Date of Award
Josef Korbel School of International Studies
Arendt, H., Machiavelli, N., Political Theory, Sovereignty, Weber, M.
Ambivalent Sovereignty inquires into the subject of political realism. This subject, sovereign authority, appears to have a dual foundation. It appears divided against itself, but how can realism nonetheless observe legitimate modes of sovereignty emerge? Against the liberal idea that a "synthesis" of both material-coercive and ideal-persuasive powers should be accomplished, within the world of international relations, realism gives meaning to a structural type of state power that is also constitutionally and legitimately dividing itself--against itself. Machiavelli but particularly also other realists such as Hannah Arendt, Max Weber, and Aristotle are being reinterpreted to demonstrate why each state's ultimate authority may symbiotically emerge from its self-divisions, rather than from one synthetic unity. Whereas liberal theorists, from Montesquieu to John Rawls and Alexander Wendt, err too far in assuming the presence of the state's monistic authority, the realist theorists further advance an answer to how sovereign states may begin to both recognize and include only the most-legitimate manifestations of their common dualist authority. Ambivalent Sovereignty is relevant in this sense as it transcends-and-yet-includes these common dualities: freedom/necessity; emergence/causation; self-organization/power structures.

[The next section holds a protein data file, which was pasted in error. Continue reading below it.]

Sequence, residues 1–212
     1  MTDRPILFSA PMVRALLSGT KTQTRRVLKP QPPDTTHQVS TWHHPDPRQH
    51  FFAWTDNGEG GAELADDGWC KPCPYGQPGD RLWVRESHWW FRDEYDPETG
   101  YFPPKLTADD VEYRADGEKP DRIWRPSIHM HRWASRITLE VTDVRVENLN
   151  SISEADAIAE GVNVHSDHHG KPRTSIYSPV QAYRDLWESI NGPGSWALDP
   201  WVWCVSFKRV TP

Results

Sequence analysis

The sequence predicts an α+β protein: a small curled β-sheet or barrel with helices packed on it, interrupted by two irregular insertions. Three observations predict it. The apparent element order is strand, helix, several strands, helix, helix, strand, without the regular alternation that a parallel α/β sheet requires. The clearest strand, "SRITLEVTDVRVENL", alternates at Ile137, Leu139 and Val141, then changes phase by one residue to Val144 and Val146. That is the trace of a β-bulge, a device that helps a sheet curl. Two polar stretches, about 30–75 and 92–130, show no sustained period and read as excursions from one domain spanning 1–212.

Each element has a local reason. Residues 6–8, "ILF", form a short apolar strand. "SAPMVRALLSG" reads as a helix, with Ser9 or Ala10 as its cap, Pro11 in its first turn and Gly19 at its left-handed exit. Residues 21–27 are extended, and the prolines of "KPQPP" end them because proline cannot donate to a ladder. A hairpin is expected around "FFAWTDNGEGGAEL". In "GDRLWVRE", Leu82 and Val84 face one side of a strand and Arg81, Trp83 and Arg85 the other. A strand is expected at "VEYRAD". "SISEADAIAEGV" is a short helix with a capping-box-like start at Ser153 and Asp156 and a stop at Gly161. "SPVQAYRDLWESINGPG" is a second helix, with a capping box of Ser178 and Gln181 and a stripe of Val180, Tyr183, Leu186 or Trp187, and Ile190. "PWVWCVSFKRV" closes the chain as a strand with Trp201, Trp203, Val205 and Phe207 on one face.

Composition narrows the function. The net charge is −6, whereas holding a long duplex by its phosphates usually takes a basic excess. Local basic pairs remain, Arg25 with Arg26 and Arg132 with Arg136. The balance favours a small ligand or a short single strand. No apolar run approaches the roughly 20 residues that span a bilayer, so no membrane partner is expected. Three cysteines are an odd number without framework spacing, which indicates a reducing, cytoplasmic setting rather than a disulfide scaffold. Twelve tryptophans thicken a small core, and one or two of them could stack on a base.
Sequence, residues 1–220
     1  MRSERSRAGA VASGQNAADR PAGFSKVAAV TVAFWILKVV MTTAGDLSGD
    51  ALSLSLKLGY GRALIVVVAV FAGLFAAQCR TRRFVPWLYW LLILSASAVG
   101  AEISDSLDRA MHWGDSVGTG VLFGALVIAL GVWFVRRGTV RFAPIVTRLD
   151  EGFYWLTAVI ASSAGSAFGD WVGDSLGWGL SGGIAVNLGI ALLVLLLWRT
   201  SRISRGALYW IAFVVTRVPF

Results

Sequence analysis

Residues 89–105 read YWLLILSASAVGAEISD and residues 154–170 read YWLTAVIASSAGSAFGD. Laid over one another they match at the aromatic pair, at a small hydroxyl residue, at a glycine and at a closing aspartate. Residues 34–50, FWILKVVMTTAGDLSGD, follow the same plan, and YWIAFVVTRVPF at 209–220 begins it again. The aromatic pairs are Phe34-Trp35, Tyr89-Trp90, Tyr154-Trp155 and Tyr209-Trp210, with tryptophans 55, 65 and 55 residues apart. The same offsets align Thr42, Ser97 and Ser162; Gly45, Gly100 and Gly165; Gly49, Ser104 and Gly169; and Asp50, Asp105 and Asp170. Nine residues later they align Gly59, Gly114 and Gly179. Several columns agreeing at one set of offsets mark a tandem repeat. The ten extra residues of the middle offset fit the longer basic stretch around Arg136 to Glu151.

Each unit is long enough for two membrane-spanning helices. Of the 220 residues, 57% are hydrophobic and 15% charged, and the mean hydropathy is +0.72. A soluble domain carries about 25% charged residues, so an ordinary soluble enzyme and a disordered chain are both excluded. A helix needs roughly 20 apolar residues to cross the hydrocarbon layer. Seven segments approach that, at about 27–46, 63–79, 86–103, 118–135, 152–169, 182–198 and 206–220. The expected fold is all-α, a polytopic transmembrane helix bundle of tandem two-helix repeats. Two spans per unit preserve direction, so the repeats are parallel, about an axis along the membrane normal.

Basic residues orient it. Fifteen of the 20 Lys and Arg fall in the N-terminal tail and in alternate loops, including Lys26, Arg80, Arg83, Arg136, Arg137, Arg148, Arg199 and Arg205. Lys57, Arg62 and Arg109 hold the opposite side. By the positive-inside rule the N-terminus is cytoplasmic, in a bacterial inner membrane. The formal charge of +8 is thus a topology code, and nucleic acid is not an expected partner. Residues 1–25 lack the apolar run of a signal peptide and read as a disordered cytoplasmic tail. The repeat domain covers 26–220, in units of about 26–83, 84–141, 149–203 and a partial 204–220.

Timmermans, Paul, "Ambivalent Sovereignty" (2011). Electronic Theses and Dissertations. 939.
Recieved from ProQuest
Political Science, International relations, Philosophy